But the following year, James Comey took over as FBI director and brought with him a completely different view of encryption: he thinks it will only benefit bad people, and ought to be illegal.
When Apple launched its iPhone 6 in September, it bragged about the phone's strong security features, including automatic data encryption. This made Comey respond by predicting that encrypted communications could lead to a “very dark place.” He also criticized “companies marketing something expressly to allow people to place themselves beyond the law” — as opposed to, say, “Marketing something expressly so people know their data is safe from hackers and thieves.”
The day before ...
And today, the Guardian reported that on Wednesday, June 3 (only one day before the Office of Personnel Management admitted discovering its second probably-Chinese hacking in a year), the FBI's assistant director of counterterrorism Michael Steinbach testified before the House Homeland Security Committee and said that tech firms should “prevent encryption above all else,” so the FBI can continue tracking ISIS supporters and other terrorists in the Middle East.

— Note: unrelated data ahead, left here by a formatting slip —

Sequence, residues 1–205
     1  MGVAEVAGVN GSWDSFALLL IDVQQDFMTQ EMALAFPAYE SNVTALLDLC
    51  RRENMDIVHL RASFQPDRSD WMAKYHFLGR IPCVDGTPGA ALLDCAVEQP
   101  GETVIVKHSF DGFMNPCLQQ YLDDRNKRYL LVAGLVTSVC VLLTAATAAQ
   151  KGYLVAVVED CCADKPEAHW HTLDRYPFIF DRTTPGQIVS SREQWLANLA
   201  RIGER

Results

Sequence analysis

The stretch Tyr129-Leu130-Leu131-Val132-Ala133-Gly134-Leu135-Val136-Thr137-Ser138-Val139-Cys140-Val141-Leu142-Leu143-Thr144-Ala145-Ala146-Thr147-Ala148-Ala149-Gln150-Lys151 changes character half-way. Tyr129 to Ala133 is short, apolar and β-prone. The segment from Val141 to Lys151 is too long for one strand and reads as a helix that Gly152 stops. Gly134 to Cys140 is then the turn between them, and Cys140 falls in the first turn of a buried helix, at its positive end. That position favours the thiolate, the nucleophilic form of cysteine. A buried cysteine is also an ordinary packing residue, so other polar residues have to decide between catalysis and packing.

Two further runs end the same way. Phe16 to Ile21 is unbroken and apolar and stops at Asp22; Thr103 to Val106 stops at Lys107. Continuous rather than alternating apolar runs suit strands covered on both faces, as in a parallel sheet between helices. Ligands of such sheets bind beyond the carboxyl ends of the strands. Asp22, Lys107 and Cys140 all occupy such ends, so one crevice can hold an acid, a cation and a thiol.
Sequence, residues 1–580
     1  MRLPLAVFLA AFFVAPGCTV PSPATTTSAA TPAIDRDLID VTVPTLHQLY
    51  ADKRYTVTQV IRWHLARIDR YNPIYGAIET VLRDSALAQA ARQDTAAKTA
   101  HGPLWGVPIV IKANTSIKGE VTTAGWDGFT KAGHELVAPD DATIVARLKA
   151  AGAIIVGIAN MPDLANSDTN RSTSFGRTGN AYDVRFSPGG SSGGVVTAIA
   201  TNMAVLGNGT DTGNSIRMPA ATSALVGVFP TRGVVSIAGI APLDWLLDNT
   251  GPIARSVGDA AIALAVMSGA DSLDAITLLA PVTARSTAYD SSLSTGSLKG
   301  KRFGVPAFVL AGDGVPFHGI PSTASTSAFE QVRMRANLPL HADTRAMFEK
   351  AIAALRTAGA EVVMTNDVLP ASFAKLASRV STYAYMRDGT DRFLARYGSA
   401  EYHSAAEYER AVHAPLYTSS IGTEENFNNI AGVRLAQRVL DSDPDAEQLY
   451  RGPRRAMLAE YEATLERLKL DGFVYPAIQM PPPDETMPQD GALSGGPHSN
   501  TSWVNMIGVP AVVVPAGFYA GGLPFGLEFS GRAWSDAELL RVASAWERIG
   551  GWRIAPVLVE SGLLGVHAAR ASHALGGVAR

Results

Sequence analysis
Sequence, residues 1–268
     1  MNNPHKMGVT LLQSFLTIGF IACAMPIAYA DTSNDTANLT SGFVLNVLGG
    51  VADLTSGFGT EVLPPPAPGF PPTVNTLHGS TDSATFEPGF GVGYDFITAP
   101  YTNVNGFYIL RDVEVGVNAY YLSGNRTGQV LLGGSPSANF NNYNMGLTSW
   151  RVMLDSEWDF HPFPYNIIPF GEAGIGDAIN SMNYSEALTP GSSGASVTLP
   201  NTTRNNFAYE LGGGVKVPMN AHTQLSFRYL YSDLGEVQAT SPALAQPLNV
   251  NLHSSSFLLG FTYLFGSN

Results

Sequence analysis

“There are 200-plus social media companies. Some of these companies build their business model around end-to-end encryption,” Steinbach said. “When a company, a communications company or a ISP or social media company elects to build in its software encryption, end-to-end encryption, and leaves no ability for even the company to access that, we don’t have the means by which to see the content. When we intercept it, we intercept encrypted communications. So that’s the challenge: working with those companies to build technological solutions to prevent encryption above all else. We are striving to ensure appropriate, lawful collection remains available.”
The Guardian went on to explain: